I will start analyzing the information in greater depth next week, and I’ll keep you posted.  Till then, keep sharing the link and get as many of your peers and friends as you can to take the survey.

Thanks!

 

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Another plug for help!

Last week I wrote about a survey that I am conducting about the military transition process.  So far the response has been good (thanks to all of you who have already taken it!) but I am only about halfway there.  In order to have an unbiased survey it is important to get as many responses as possible in order to make sure that the sample of those of you who take the survey are representative of the entire population of transitioning or transitioned folks.  At the risk of being redundant, I ask again that if you have gone through or are going through the transition process and have not yet taken my survey, would you please help me out?  Also, please forward it to anyone, from any branch and any time period, who has made the jump?  I promise that this will be my last humble request!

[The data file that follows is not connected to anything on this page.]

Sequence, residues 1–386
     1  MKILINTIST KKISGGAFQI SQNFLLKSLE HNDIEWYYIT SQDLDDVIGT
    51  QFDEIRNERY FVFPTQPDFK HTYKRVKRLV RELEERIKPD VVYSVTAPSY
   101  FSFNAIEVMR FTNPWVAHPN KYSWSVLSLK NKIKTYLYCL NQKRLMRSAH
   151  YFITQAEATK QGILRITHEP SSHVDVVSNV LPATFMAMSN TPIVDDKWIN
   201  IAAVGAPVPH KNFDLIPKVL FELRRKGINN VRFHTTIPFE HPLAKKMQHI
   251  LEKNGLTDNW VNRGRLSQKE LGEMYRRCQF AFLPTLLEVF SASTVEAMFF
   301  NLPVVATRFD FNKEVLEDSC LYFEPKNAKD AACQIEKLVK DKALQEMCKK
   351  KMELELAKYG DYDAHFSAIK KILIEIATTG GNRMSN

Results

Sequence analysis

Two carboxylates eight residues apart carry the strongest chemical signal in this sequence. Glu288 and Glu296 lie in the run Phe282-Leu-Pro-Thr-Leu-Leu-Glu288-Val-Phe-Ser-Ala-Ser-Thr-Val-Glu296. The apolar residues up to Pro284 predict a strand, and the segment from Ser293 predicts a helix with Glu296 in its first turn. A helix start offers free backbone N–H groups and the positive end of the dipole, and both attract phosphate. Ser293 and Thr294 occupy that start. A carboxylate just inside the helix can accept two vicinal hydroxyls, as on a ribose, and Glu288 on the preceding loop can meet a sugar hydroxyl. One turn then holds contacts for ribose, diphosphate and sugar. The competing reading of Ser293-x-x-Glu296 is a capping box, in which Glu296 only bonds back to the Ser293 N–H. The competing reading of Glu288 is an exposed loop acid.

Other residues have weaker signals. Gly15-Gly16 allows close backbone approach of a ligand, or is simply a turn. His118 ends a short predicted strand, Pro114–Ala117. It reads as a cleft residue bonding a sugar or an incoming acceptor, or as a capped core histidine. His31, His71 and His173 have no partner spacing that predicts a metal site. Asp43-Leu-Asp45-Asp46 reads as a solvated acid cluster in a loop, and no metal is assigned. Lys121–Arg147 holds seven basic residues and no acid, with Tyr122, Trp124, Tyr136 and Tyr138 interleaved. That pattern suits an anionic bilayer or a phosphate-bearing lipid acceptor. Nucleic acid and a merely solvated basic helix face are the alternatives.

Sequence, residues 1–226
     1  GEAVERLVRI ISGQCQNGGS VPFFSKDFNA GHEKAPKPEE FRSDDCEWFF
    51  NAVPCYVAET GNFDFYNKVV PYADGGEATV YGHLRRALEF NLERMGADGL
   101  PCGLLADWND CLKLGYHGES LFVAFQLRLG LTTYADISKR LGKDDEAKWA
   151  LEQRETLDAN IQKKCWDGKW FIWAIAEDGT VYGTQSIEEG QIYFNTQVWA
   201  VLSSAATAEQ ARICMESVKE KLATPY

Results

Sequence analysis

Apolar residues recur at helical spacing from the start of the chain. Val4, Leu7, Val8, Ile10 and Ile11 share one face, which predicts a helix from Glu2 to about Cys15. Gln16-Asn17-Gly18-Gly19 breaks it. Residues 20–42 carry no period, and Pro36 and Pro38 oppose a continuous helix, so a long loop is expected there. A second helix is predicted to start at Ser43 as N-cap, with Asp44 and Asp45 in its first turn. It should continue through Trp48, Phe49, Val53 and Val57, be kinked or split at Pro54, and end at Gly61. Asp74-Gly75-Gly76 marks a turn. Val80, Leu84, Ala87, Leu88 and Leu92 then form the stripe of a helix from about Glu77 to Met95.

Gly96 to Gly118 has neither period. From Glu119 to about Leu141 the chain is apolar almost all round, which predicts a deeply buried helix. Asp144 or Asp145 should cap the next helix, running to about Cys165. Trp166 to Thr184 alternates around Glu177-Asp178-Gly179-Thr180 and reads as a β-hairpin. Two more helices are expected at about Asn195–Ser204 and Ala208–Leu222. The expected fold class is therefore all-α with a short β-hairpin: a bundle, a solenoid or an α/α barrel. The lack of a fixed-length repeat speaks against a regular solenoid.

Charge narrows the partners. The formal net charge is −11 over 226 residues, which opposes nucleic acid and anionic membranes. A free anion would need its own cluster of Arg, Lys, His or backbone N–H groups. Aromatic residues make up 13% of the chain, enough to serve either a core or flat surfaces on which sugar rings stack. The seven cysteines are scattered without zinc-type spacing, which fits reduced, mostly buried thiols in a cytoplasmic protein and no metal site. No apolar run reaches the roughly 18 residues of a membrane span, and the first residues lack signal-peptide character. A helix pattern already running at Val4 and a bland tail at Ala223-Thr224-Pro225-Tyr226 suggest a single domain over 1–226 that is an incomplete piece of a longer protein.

The survey is 29 questions long and takes between 10 and 15 minutes to complete.  Here is the link:

Military Transition Survey

Also, I am very eager to hear from all of the branches of the armed forces.  The Marine response has been great (keep them coming!), and I want to make sure that you know that I would like to hear from any and all who have undergone the transition process.

Thanks!  In my next posts we’ll start looking at some of the emerging and interesting trends that the survey is revealing.

A chance to improve the military to civilian transition process